Review: Steel Assault is a fun comeback
I’ve been playing a lot of retro games lately, especially arcade brawlers and run and gun style games. There is a certain feel to classic arcade style games that modern games can only try to replicate. Steel assault doesn’t exactly look like a retro run and gun style game, but it does get pretty damn close.
Steel assault is a 2D action platformer in the old school run and gun style. Think of games like Contra, although Steel assault removes guns and gives you a whip and zipline. In Steel assault you play as Taro Takahashi, a one-man army on a mission of revenge. Your objective is to take down an evil dictator, and in order to do that you will have to fight through his army in several side-scrolling explosive action chapters.
In pure arcade style, Steel assault is a fairly short game. You can probably play it in an hour or two, depending on your skill level. Steel assault is quite a difficult game, and death can result in a penalty. There are no credits or lives, so if you die you will be forced to replay the entire previous section you played. These sections are relatively short – only a few screens or so. You’re not too far back, but it can be frustrating to die at the end of a section, and have to repeat it.
Steel assault gives you a whip as your primary weapon, and there isn’t really too many bonuses to be collected that change things a lot. There are a few, however, like the Electric Whip which gives your whip the ability to fire three projectiles. However, there was no bonus that made me feel too powerful.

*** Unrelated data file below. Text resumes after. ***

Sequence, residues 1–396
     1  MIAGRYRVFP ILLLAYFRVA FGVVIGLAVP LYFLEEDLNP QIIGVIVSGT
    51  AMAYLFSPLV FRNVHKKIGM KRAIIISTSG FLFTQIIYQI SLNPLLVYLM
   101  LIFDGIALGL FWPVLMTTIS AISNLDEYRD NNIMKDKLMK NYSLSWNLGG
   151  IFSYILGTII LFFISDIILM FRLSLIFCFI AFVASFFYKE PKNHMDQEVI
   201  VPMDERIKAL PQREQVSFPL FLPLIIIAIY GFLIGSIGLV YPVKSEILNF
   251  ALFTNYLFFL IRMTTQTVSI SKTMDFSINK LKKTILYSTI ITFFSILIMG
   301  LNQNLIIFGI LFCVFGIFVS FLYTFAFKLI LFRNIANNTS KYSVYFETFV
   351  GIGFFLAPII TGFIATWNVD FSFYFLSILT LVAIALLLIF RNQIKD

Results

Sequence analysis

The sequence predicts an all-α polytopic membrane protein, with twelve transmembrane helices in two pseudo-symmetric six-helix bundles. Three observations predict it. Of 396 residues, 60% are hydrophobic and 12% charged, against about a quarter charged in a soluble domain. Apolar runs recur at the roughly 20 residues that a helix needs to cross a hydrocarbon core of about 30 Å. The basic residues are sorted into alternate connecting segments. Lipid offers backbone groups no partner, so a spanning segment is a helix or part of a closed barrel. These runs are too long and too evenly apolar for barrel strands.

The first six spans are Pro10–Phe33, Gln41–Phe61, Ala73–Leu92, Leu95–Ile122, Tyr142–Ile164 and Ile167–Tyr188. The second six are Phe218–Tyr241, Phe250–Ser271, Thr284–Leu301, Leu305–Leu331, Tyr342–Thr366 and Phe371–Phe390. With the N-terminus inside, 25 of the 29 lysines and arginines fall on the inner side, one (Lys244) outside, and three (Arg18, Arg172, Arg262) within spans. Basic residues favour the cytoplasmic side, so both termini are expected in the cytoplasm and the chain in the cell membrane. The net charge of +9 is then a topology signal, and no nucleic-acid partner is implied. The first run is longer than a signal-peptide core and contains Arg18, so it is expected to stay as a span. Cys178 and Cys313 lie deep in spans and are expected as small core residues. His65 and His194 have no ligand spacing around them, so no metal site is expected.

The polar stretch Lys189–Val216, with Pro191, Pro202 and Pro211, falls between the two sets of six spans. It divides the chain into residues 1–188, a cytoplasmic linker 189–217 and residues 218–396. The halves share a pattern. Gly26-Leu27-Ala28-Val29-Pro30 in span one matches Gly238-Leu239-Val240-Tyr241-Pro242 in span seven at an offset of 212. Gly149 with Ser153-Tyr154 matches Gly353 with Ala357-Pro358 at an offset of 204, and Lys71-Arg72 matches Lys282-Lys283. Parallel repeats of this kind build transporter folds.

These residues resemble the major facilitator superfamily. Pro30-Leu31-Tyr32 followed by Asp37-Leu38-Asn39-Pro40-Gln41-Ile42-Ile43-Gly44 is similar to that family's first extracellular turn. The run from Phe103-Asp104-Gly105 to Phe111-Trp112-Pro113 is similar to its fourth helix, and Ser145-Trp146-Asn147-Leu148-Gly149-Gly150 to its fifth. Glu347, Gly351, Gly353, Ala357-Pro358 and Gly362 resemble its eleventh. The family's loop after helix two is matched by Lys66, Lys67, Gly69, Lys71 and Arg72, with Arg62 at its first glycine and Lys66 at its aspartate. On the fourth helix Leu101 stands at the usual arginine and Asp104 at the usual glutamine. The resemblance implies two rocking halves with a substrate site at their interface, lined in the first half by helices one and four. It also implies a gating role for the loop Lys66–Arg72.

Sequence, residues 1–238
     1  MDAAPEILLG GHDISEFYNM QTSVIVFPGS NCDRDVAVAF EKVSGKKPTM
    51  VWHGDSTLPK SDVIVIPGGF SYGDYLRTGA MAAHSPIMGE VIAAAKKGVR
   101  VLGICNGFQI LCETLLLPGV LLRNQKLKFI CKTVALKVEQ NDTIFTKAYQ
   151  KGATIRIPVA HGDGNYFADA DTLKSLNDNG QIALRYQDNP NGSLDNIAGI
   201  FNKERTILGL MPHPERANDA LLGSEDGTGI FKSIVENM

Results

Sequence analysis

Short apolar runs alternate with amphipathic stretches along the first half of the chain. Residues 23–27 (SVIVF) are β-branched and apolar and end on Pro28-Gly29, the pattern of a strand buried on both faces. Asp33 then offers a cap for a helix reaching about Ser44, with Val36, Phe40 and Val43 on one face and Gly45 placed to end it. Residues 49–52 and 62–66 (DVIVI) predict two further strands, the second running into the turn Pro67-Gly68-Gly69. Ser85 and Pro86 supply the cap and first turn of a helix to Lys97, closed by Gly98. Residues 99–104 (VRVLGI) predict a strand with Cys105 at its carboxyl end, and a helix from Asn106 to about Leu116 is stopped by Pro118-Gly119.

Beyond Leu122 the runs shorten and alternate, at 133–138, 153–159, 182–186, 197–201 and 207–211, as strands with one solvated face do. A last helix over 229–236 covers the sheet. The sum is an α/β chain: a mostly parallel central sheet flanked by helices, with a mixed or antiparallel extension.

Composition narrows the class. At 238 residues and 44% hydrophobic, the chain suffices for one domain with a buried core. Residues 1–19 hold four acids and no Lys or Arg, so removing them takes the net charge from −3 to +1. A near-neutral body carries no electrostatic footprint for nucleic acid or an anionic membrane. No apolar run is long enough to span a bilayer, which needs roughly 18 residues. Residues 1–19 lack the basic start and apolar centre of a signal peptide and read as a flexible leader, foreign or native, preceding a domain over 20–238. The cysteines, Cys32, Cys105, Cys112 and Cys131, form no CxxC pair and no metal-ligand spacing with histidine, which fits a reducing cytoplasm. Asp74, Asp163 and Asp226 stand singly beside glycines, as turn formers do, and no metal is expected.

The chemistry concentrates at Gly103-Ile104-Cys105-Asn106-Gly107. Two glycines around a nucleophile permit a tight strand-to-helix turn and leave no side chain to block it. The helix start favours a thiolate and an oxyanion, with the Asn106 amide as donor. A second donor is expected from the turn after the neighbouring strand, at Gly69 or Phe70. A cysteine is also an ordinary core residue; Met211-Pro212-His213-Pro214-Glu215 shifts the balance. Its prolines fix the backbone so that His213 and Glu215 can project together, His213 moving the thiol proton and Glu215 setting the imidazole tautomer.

There are a few platform sections in Steel assault, and they make tremendous use of the zip line. It’s not a grappling hook – the zipline requires you to make two points of contact for it to work. At first I hated it, but I quickly grew up not being so bothered by it – even though I still don’t really like it. But it does provide opportunities for semi-novel gameplay, especially since you can use your zipline to fill a void and hang onto it – something that’s needed in a few areas, and even in boss fights.
The bosses in Steel assault are big enough, but they never felt too picky. Each boss has models that are learnable, although a few can be bombarded by focusing damage and ignoring any damage that happens. Of course, this kamikaze style only works in standard mode.
While Steel assault is quite a difficult game, you can try difficult sections and keep trying, unless you are playing Arcade mode. This mode challenges you to beat the whole game with one credit. I wish Arcade Mode was a mode that requires you to beat the game in one sitting with a limited number of lives, with no extra lives available for pickup along the way. Steel assault feels a bit light on the content, though, and I would have liked to see more challenge modes, maybe even a fast race mode or something similar.
Steel assault is a fun game with tight racing and weapon controls. Her particular brand of zipline platform takes a little getting used to, but she managed to grow on top of me by the end of my first part – and by that I mean she was tolerable enough to that I continue to play. Steel assault is a fun arcade diversion, but it’s short and doesn’t give you a lot of incentive to keep playing. However, it definitely has that old school arcade and gun racing feel to it, and I really enjoyed my time with it.
Steel assault is available now on Steam and Nintendo Switch.
We have been provided with a Steam key for this review.
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